The rest of the supporting cast–Robert Prosky, Christopher Lee, Dick Miller, Gedde Watanabe and especially Robert Picardo–are excellent as well. Only Haviland Morris, with an over-affected performance, is lacking. Zach Galligan, who starts out more in the center, is good… even as his character takes a backseat to the wacky Gremlins. Phoebe Cates has a few good scenes, but she’s absent even more than Galligan. They literally get her lost in the building and forget about her.

One of Dante’s great achievements with this film is his handling of the sets. He directs the chaos in the hallway scenes like it’s an old B picture, but these scenes match perfectly with the rest. The exterior scenes–Galligan and Cates walking home, Miller fighting the flying Gremlin outside–all look exceptional. But those interior scenes are even better. Then, with the musical number at the end, Dante makes Gremlins 2 into the greatest Muppet movie (on acid) ever.

The script’s good a lot of great one liners, but what really sets it apart is when Cates is telling a Gremlin-to-be to be careful around the kitchen, she and Galligan don’t have the money to replace broken appliances. It’s a strange, wonderful detail and just makes Gremlins 2 more singular.

3/4★★★

CREDITS

Directed by Joe Dante; screenplay by Charles S. Haas, based on characters by Chris Columbus; director of photography, John Hora; edited by Kent Beyda; music by Jerry Goldsmith; production designer, James H. Spencer; produced by Michael Finnell; released by Warner Bros.

Starring Zach Galligan (Billy Peltzer), Phoebe Cates (Kate Beringer), John Glover (Daniel Clamp), Robert Prosky (Grandpa Fred), Robert Picardo (Forster), Christopher Lee (Doctor Catheter), Haviland Morris (Marla Bloodstone), Dick Miller (Murray Futterman), Jackie Joseph (Sheila Futterman), Gedde Watanabe (Mr. Katsuji) and Keye Luke (Mr. Wing).


Sixteen Candles (1984, John Hughes)

I enjoy throwing odd ones up occasionally, whether they’re inexplicable (Transporter 2) or heavily based in nostalgia (any Godzilla film). Sixteen Candles is somewhat both, though renting it was the fiancée’s idea. My freshman year of college, I did one of my presentation on racism in John Hughes’ films. Sixteen Candles has some great examples–not just the Chinese exchange student frequently referred to as “the Chinaman,” and played by the obviously ethnically Japanese Gedde Watanabe–it also makes fun of the physically handicapped. Great stuff there. I also remember it being one of my favorite Hughes films. It’s hard to have a favorite Hughes film because none of them are any good, but after this viewing, I think I can safely say Sixteen Candles is my favorite. In fact, it’s the only one I’d watch again.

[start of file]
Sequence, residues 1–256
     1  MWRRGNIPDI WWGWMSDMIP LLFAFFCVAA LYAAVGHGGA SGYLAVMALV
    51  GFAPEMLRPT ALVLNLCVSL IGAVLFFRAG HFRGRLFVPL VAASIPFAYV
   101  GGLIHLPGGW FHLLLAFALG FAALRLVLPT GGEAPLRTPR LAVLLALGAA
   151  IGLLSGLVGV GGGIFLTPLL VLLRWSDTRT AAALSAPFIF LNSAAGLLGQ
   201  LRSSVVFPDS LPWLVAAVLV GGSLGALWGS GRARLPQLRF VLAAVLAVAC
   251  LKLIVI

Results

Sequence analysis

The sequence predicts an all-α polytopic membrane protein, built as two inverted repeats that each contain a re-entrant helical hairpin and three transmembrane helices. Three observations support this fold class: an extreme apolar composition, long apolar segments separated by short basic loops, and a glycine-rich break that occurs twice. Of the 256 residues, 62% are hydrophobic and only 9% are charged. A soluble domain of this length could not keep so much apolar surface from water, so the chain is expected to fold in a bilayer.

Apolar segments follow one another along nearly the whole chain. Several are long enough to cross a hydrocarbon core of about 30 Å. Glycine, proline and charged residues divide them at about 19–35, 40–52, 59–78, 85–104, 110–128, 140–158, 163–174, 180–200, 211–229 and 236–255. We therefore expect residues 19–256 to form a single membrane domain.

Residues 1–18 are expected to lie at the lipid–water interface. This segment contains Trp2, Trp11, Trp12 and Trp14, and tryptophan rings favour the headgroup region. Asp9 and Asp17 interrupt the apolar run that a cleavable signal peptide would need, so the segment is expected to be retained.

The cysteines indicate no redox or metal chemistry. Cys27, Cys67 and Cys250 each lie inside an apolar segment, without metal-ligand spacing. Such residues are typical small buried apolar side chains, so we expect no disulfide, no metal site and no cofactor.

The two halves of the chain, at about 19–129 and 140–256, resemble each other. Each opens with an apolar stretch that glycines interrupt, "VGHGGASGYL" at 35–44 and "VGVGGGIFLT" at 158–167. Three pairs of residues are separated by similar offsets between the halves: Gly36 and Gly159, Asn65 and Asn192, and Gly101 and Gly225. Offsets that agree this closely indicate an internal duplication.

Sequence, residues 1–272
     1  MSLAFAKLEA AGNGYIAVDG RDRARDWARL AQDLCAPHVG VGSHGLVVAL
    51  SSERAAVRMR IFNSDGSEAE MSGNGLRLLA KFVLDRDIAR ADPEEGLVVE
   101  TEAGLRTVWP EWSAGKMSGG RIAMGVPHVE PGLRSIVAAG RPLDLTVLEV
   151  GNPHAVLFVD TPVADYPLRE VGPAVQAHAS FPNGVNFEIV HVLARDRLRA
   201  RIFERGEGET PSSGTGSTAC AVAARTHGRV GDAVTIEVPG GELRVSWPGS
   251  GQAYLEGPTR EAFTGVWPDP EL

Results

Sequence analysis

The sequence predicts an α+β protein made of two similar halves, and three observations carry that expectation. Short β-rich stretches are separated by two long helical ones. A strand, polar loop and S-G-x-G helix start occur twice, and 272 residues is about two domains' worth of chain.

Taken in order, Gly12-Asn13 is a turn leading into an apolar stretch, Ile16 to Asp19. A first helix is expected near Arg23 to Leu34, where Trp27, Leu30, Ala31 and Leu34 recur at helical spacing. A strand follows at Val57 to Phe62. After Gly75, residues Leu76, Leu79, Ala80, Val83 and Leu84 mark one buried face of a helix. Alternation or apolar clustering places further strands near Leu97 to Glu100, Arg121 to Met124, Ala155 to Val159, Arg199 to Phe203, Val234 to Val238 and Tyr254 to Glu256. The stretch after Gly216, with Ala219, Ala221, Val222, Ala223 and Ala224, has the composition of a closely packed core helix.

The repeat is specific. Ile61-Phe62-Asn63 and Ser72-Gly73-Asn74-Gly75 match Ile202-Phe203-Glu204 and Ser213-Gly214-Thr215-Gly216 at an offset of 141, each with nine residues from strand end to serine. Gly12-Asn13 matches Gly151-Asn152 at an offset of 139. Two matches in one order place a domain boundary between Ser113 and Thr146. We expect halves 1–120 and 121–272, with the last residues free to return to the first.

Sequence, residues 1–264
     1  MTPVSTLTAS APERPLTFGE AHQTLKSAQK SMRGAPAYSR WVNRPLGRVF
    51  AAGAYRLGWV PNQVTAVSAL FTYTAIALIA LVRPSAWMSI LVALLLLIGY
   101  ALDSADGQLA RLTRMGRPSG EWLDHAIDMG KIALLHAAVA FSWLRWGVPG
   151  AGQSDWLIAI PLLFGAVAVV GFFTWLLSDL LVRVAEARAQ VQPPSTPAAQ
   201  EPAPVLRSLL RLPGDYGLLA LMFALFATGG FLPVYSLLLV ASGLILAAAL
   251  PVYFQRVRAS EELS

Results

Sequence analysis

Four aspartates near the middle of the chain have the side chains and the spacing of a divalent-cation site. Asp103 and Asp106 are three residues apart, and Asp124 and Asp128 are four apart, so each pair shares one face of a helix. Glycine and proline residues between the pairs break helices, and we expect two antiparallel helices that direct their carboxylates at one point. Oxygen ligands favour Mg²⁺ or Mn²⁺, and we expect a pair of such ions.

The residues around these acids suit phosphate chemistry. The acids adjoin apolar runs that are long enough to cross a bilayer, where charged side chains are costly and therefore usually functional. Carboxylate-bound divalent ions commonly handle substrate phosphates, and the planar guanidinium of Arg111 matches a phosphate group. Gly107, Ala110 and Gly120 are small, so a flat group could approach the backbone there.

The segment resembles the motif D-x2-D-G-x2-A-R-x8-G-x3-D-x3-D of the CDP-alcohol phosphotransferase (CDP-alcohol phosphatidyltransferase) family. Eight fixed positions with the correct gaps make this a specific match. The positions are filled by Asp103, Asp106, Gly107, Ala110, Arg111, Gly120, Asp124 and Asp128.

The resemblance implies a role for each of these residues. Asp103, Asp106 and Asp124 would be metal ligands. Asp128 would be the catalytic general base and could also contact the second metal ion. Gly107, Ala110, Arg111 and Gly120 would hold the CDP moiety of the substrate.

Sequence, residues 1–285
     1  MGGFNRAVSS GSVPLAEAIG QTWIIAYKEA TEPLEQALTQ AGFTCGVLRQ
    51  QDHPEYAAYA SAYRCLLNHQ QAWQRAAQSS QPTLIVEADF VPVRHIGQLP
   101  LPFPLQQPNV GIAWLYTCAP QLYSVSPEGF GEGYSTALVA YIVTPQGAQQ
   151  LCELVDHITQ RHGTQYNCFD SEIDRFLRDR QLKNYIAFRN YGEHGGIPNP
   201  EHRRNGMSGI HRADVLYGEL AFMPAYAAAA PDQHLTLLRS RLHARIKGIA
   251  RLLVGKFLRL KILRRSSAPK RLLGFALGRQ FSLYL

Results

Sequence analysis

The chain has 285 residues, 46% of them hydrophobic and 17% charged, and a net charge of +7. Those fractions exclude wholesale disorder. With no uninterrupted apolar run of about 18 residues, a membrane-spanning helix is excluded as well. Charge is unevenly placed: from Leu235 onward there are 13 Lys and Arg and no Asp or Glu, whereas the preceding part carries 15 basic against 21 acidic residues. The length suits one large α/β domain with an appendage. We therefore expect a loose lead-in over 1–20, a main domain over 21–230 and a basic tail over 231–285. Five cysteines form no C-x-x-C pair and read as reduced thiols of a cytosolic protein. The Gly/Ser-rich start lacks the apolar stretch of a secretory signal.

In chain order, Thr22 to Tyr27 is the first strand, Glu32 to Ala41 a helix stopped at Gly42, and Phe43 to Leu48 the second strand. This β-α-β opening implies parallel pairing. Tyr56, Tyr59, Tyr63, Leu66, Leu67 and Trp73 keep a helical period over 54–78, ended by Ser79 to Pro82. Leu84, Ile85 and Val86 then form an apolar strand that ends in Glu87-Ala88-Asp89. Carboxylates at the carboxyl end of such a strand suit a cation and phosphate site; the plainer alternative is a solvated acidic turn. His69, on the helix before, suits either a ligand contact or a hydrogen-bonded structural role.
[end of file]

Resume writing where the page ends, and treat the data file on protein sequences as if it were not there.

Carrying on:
Immediately after this film, Hughes started infusing his films with social commentary (usually about the poor boy and the rich girl or the poor girl and the rich boy) and it was pretty bad. For the first half of Sixteen Candles, I was going to decry Hughes as the forebear of shitty Hollywood story structure. Molly Ringwald–the lead of the film–disappears for about twenty minutes, maybe more, and the film’s only ninety minutes long. In her absence, there are these great scenes with Michael Schoeffling and Anthony Michael Hall–and I realized why I liked Sixteen Candles so much. The film makes no claims at reality–it speaks directly to the viewer on a few occasions, something Hughes later milked in Ferris Bueller’s Day Off–and there’s no real dramatic tension. It’s an incredibly light comedy and taken as such, it’s a pleasant diversion.

Oddly (given National Lampoon’s Christmas Vacation), Sixteen Candles fails the most in the simple family situation. Hughes doesn’t know what to do–he gives Ringwald an asshole little brother and a doped-up sister. He can’t even give Paul Dooley anything to do. Ringwald holds a lot of the film together, but it’s Schoeffling and Hall who really have the most to do. I’d never been particularly impressed by Hall–never had any idea why, for instance, Kubrick wanted him for Full Metal Jacket–but he does a good job in an impossible role. His character completely changes–in the viewer’s perception–in a six or seven minute scene. It’s good work. Schoeffling never really went anywhere. However, according to one website, endless numbers of baby boys born in the mid-1980s were named Jake after his character. He has even more impossible role of being the perfect guy and turns it into a deep performance. There’s none of that serious Hughes teen angst in this one, so the actors aren’t given anything impossible to pull off. Their only job is to make the viewer enjoy the film.

As for Hughes the director… well, Sixteen Candles has got to be his best looking film. The cinematography is incredibly lush in this one. It’s not as far removed as Technicolor, instead a welcoming, idealized reality (there’s also little damaging violence inflicted on the film’s many “geeks,” another bit of that idealization).

Sixteen Candles is not a great film. Even without the bigotry, there’s the incredible shallowness. However, it’s acceptance of that shallowness is exactly what makes it an enjoyable experience.

1.5/4★½

CREDITS

Written and directed by John Hughes; director of photography, Bobby Byrne; edited by Edward Warschilka; music by Ira Newborn; produced by Hilton A. Green; released by Universal Pictures.

Starring Molly Ringwald (Samantha Baker), Justin Henry (Mike Baker), Michael Schoeffling (Jake Ryan), Haviland Morris (Caroline Mulford), Gedde Watanabe (Long Duk Dong), Anthony Michael Hall (The Geek), Paul Dooley (Jim Baker), Carlin Glynn (Brenda Baker), Blanche Baker (Ginny Baker), Edward Andrews (Howard Baker), Billie Bird (Dorothy Baker), Carole Cook (Grandma Helen), Max Showalter (Grandpa Fred), Liane Alexandra Curtis (Randy), John Cusack (Bryce) and Darren Harris (Cliff).


Scroll to Top